9/11/17 - The Disadvantage of Determinism

When it comes to the human mind’s understanding of how things happen in the world, there is an ax cleaved down the middle of two fundamental approaches. On one side we have determinism, which goes on to say that all outcomes are caused by uncontrollable external forces. It says our fate is in the stars, so to speak. In that way, the phrase “everything happens for a reason” is deterministic. The other side of how the mind makes sense of how outcomes manifest is through free will, or indeterminism. This perspective stereotypically believes “the world is your oyster.”

What’s tricky about the debate between the two, which, by the way, hasn’t been solved for thousands of years, and likely won’t be resolved in the next three paragraphs, is that determinism feels good and resonates with human psychology. Deterministic world views help us explain the world around us. After all, there must be some reason for everything that happens to us, right? Stories make sense and put the human mind at east, while chaos and disorder has the opposite affect. Determinism brings clarity to the cluttered mind.

Embracing free will and rejecting determinism can feel good, too. After all, life seems to matter more when you believe that you have the power to create your own destiny. Free will is painful, though, because most of the time that we try to enact our free will on the world the reviews are mixed. We fail. It gets messy, and every now and then it might seem more comfortable to explain the confusing failures of our free will with a deterministic story, like saying “everything happens for a reason.”

Do you ever notice that people never say, “everything happens for a reason” when you earn the job, win the game, or get the girl?

Since, we won’t resolve the debate of whether determinism rules the world we live in or not, let’s focus on what is actionable right here and now instead. Considering the implications of both belief structures, there is a distinct advantage to displacing deterministic beliefs. If you reject determinism, you inherently believe that you’re responsible for your own destiny. What’s more important is that you’ll be more likely to act accordingly. As you can imagine, someone that believes they are the a result of the uncontrollable world around them will be less compelled to pursue their best self. After all, with that worldview such a pursuit is likely just a wasted effort.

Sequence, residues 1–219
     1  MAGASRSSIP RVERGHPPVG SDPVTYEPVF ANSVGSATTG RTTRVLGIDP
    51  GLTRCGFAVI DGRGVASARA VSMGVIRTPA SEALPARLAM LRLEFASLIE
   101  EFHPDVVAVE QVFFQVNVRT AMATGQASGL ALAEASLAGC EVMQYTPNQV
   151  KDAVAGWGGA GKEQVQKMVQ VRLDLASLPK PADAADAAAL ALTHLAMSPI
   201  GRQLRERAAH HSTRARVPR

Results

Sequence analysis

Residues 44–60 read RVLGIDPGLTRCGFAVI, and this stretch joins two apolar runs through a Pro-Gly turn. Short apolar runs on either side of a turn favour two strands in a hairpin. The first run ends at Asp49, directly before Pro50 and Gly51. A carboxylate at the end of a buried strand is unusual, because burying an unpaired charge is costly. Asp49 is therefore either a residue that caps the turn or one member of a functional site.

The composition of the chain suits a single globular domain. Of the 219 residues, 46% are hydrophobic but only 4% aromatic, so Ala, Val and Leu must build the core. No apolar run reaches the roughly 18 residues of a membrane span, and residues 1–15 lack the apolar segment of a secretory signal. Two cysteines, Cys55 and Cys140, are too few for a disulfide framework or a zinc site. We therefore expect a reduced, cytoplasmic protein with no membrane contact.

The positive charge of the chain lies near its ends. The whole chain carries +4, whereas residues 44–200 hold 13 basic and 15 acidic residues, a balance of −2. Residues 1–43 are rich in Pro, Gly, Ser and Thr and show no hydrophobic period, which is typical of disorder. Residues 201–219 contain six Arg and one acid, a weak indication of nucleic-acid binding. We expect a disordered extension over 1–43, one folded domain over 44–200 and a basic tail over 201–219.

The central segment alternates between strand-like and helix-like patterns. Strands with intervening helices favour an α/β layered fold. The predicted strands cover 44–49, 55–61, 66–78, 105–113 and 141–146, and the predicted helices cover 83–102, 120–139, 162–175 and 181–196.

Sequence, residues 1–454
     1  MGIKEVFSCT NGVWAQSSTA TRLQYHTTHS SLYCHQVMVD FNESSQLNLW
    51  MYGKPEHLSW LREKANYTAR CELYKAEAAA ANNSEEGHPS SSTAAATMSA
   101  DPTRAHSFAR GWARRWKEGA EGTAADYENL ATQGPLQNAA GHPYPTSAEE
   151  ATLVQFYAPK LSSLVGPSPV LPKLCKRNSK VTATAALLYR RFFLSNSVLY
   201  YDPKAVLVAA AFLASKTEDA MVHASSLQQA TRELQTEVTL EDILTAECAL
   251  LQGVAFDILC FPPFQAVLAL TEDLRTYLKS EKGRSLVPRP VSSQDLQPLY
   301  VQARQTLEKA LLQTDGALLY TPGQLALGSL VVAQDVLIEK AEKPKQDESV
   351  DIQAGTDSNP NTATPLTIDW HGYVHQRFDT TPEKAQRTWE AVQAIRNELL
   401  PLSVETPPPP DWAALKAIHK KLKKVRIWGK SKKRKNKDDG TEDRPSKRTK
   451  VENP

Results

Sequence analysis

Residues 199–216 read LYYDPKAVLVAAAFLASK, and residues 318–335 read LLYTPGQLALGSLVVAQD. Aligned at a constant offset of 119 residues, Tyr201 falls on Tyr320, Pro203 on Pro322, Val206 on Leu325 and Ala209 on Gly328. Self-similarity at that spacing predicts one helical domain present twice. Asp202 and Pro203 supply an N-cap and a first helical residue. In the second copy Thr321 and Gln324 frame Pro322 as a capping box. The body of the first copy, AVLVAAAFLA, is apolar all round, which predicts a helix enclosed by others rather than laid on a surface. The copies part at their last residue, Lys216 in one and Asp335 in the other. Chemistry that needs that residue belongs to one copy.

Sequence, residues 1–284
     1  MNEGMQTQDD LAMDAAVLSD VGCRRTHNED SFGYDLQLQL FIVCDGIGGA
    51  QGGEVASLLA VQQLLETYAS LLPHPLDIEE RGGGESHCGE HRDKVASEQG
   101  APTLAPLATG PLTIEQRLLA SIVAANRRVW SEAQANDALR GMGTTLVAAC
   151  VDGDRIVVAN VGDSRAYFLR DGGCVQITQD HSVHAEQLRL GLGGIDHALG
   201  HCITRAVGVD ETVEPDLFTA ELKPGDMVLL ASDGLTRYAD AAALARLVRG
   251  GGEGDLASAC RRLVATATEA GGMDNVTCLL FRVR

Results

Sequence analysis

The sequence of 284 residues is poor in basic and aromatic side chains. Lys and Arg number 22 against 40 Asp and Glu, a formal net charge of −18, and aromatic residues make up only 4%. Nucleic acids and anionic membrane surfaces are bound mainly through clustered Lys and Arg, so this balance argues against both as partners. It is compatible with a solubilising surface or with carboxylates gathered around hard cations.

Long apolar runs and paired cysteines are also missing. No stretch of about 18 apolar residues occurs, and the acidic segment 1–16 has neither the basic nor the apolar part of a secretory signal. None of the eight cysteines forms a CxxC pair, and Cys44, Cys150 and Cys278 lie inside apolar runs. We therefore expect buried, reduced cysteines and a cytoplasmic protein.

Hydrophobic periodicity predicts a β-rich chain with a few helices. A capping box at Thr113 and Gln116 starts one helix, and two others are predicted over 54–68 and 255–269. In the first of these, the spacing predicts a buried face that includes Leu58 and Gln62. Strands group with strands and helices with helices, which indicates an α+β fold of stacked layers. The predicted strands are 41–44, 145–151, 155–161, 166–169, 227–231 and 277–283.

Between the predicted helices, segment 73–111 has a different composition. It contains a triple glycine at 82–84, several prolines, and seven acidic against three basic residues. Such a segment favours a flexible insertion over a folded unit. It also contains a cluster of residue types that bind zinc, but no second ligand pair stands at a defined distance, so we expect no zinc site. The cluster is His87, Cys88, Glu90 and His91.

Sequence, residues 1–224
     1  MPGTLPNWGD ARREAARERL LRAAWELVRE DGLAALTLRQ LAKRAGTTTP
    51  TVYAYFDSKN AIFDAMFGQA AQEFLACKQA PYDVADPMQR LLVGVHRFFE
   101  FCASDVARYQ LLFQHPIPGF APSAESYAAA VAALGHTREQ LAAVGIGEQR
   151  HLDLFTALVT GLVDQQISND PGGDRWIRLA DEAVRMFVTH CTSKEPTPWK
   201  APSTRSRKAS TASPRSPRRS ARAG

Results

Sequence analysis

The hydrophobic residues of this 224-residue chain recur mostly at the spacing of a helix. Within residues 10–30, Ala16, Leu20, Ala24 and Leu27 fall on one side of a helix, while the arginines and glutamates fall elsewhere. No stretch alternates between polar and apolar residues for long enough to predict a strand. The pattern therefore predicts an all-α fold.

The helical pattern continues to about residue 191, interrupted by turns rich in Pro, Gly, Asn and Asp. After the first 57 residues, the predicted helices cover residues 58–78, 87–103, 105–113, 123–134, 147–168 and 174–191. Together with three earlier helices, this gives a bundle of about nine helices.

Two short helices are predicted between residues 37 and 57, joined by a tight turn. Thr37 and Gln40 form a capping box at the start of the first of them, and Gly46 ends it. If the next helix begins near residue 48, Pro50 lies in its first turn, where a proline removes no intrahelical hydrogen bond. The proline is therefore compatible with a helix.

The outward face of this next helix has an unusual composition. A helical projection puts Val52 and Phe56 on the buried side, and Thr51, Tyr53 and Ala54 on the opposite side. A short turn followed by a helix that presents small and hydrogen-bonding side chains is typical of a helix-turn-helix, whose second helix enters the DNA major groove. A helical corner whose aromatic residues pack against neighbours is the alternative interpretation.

There is a distinct advantage to rejecting determinism. The advantage looks like motivated self-development and willingness to explore the fringes of your ability. Rejecting determinism increases personal responsibility, magnifies virtuous qualities, and hunts best practices.

The worst case scenario in heeding this perspective is becoming a higher caliber individual that will earn the same fate that her deterministic, lower caliber self had coming all along. What’s the best case scenario? The best case scenario is that you’re correct in your assumption that our lives are what we make them, and you’ve been busy making it great.

 

Logan Gelbrich

@functionalcoach

9/11/17 WOD

Complete 5 rounds of the following for calories:

In :90..

:40 Plank Hold (on Rings)

20 Lateral Plyo Skier Hops (1-ct)

Max Cal Row

-Rest 3:00-